Canada's gradual shift to slick, cleaner, synthetic banknotes won't just mean your money can stand more wear, will not tear and, for the first time, will be recycled into other products instead of destroyed.
The Bank of Canada and the RCMP hope that once the polymer-based notes are in circulation - starting in November with the $100 bill - they'll also be all but impossible to fake.
Canada has already made strides in limiting counterfeiters' ability to reproduce Canadian money, after an alarming surge earlier this decade, Bank of Canada and RCMP data show. But despite the growing impression that we've become a cashless society, Ottawa says half of all financial transactions in Canada still involve cash, which means faith in banknotes' authenticity still makes the economy go 'round.
Beefed-up security features on the current stock of cotton-paper notes, and an aggressive campaign to train retailers to spot imposters, have helped bring the number of counterfeit bills found each year to 35 per 1 million in circulation, after a rash of fraud between 2001 and 2004 brought that number to a peak of 470 per million bills.
But even 35 per million, which translates into a small fraction of 1 per cent of the value of all bills in circulation, is higher than the share found each year in Australia, where polymer-based currency was first introduced in 1988.
Senior Bank of Canada officials weren't ready to claim counterfeiters would never again be able to outsmart the technology and security features being used to make Canadian money. However, at a briefing Monday in Ottawa, they said they're confident it will be much harder to pull a fast one on any retailer who knows what features to look for.
The introduction of the $100 bills this fall, and the $50 notes next March, will really just be a dress rehearsal for late 2012, when the central bank rolls out the new $20 bills. At the moment, that denomination and its almost exclusive presence in bank machines represents more than half of all notes in circulation, according to a BoC background paper on the new money.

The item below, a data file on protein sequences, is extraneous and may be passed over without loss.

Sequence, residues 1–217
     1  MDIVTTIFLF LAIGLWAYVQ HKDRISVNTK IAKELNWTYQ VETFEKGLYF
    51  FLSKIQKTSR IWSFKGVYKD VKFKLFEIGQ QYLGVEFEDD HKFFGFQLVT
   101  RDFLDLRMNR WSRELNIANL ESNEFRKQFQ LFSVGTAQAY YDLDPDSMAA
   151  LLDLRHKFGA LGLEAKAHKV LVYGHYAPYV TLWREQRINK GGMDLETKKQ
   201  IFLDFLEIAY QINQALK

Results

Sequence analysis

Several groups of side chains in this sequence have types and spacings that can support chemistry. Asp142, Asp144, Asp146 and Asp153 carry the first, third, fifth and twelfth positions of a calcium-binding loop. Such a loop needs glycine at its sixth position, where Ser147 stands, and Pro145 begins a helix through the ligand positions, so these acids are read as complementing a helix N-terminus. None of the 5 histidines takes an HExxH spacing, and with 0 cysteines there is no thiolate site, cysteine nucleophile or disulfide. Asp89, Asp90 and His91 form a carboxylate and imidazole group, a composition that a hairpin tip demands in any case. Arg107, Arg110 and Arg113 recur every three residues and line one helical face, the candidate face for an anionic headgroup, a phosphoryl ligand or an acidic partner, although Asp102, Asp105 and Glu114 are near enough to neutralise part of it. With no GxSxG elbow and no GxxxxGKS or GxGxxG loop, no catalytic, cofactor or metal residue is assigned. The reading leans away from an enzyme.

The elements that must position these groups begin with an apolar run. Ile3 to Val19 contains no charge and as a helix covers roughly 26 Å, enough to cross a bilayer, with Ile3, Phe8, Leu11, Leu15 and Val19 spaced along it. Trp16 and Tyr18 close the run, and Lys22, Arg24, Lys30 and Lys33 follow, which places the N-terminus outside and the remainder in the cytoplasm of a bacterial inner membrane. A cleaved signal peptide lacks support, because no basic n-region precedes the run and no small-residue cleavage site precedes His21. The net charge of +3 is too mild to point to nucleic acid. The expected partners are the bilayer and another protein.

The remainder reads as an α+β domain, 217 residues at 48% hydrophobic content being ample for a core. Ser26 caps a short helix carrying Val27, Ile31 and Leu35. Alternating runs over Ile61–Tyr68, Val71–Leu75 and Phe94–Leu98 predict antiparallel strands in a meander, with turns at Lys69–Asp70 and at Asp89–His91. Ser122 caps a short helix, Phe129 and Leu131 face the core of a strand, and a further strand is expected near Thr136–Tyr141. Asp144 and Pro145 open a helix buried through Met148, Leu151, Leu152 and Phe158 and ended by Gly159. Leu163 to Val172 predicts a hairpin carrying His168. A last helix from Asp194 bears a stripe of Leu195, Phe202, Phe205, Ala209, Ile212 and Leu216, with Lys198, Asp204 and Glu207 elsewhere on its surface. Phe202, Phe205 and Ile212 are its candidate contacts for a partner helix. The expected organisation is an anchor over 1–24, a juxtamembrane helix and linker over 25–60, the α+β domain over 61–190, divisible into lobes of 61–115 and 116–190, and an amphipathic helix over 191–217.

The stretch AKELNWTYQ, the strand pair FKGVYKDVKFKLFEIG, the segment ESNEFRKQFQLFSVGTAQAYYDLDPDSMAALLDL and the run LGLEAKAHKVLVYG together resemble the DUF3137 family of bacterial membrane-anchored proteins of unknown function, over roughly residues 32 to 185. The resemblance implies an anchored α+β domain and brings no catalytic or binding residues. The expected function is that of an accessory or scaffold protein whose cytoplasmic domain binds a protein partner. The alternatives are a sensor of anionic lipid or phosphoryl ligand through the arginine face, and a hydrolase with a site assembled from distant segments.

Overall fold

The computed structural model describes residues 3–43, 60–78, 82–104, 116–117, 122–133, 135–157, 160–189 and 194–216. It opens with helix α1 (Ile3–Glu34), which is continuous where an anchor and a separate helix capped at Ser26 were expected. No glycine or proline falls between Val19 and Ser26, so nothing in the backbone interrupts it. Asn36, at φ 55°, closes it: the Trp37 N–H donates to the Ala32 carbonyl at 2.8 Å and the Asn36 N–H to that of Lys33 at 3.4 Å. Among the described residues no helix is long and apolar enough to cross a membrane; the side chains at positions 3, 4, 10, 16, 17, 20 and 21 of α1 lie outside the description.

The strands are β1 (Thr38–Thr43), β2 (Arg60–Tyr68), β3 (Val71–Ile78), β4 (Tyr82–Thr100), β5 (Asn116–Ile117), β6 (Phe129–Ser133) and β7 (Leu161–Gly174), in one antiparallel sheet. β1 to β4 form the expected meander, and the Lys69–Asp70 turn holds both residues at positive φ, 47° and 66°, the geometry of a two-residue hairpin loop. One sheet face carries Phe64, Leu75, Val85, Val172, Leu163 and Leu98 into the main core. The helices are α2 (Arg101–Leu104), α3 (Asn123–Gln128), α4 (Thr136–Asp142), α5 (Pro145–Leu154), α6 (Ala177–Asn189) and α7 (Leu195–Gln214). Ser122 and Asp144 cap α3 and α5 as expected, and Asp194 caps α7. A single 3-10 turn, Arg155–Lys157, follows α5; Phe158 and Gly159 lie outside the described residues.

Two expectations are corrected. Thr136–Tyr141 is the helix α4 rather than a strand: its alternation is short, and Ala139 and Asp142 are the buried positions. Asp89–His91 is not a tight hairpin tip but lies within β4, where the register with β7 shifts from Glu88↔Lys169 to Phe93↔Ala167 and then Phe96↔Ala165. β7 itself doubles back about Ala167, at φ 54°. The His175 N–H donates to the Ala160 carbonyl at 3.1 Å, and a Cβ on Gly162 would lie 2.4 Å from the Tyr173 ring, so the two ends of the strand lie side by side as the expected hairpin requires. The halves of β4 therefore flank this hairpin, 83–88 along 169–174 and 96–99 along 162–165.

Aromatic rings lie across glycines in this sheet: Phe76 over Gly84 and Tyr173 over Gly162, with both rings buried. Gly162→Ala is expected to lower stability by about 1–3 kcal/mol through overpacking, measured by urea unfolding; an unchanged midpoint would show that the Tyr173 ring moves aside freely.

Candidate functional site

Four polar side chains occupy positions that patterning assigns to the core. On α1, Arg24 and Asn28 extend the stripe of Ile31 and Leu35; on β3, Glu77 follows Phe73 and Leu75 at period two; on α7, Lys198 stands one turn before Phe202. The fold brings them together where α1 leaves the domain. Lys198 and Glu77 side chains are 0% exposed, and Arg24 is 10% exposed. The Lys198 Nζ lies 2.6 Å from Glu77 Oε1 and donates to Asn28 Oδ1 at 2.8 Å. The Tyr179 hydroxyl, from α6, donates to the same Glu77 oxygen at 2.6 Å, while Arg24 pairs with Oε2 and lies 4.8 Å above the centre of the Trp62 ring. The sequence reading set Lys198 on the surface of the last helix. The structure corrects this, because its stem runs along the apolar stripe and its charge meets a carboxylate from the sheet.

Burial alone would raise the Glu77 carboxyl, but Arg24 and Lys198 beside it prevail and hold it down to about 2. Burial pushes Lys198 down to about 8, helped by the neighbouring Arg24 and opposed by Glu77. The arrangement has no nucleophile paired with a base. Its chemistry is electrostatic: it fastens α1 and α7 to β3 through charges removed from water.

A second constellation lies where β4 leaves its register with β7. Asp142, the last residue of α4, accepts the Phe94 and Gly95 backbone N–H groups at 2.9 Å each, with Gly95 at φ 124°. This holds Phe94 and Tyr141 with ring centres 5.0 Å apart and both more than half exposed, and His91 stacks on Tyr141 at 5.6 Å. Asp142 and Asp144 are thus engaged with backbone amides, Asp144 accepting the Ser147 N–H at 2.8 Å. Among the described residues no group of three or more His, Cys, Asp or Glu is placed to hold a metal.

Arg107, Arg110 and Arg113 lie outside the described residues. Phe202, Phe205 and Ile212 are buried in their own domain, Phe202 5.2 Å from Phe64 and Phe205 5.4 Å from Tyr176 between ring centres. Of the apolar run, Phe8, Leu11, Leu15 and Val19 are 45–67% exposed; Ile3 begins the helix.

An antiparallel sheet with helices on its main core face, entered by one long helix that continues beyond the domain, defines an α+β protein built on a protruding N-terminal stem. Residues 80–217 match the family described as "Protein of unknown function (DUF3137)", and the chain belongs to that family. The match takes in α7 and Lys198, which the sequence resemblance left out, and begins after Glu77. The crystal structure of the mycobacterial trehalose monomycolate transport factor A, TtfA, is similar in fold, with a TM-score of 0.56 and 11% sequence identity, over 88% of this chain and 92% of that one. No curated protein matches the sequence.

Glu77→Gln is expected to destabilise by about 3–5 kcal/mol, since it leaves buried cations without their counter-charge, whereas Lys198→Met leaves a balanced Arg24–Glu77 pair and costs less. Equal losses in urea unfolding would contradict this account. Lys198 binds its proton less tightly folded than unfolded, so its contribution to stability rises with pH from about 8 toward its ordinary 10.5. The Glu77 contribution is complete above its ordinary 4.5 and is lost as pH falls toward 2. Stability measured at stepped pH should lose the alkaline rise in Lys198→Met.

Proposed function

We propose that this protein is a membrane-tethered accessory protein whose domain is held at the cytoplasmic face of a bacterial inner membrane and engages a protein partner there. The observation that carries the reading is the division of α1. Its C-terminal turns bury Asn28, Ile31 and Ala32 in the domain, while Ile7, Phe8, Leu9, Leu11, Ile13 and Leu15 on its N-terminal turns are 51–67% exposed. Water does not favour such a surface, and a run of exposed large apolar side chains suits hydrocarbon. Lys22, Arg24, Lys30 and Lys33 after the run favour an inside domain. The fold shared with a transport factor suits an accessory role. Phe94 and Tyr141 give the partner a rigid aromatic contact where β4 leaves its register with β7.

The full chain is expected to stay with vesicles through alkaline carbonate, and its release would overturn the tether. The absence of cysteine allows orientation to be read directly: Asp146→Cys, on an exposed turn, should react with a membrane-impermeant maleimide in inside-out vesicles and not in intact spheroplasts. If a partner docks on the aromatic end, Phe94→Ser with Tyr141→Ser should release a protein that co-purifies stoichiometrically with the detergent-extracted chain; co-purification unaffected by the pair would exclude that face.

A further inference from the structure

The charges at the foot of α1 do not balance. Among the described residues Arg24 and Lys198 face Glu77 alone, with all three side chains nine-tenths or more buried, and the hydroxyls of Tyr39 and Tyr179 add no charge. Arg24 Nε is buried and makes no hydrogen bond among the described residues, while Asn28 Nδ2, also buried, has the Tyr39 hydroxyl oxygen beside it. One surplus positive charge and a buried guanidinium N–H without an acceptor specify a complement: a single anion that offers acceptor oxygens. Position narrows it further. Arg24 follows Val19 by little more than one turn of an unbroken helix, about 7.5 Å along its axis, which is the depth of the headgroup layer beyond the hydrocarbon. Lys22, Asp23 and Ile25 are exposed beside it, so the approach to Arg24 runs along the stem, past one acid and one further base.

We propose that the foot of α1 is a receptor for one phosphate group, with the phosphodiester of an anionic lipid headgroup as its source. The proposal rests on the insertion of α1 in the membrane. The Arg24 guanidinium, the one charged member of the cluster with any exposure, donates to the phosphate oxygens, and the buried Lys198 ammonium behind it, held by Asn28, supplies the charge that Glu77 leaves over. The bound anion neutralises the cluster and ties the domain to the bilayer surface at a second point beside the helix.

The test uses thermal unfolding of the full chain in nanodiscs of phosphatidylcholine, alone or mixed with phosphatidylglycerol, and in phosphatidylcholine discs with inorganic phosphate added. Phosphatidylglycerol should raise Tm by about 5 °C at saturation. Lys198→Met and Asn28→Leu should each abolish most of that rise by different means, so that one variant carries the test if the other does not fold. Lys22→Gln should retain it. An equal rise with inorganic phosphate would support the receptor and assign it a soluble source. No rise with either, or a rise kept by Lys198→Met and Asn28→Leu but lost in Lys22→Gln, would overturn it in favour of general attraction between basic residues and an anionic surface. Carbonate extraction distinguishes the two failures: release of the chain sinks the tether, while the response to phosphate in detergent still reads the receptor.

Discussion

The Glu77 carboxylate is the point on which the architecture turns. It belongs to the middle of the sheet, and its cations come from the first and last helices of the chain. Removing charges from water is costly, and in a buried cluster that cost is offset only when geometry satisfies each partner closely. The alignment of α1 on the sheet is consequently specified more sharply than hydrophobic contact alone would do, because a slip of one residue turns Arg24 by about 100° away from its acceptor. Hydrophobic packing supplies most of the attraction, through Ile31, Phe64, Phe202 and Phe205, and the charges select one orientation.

Central bank officials said they are working with the country's financial institutions to encourage more to put additional $50 bills in cash machines, and the background paper suggests officials also hope the higher-security notes will quash the sense that it's harder to use bigger bills.
"In some regions in 2002, almost one in ten Canadian retailers displayed a sign indicating that they did not accept $100 bills, counterfeits of which had triggered the problem in 2001," according to the paper. "Confidence in banknotes, once lost, is not easily regained; although 99 per cent of retailers now accept $100 notes, the perception persists that these notes are 'difficult to spend.' "
Most Canadians can tell you that where higher bills are accepted, they're accepted rather begrudgingly. So, will the new notes mean an end to the days of standing at a checkout mortified as the cashier holds your Borden or King to the light to see if you're a deadbeat in disguise?
Maybe. Unless, of course, the real reason many retailers prefer smaller bills is to deter against armed robbers, not counterfeiters.
After the release of each new denomination of polymer-based notes, the central bank will work with financial institutions to get as many older notes as possible exchanged for newer ones, although older-style bills that aren't too worn out will be accepted indefinitely. For the $20 bill, the biggest undertaking of this process, central bank officials said their goal is to have 70 or 80 per cent of the older notes out of circulation within 18 months of issuing the new ones.